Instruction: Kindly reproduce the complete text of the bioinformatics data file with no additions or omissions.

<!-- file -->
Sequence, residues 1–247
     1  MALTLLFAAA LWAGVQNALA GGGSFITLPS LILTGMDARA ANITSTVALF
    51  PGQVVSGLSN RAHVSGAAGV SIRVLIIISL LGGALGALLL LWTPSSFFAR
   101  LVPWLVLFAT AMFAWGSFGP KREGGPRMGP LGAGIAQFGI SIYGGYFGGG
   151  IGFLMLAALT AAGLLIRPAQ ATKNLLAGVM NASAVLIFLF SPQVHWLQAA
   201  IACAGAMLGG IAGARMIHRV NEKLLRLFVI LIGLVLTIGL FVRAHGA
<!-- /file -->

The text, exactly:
Sequence, residues 1–247
     1  MALTLLFAAA LWAGVQNALA GGGSFITLPS LILTGMDARA ANITSTVALF
    51  PGQVVSGLSN RAHVSGAAGV SIRVLIIISL LGGALGALLL LWTPSSFFAR
   101  LVPWLVLFAT AMFAWGSFGP KREGGPRMGP LGAGIAQFGI SIYGGYFGGG
   151  IGFLMLAALT AAGLLIRPAQ ATKNLLAGVM NASAVLIFLF SPQVHWLQAA
   201  IACAGAMLGG IAGARMIHRV NEKLLRLFVI LIGLVLTIGL FVRAHGA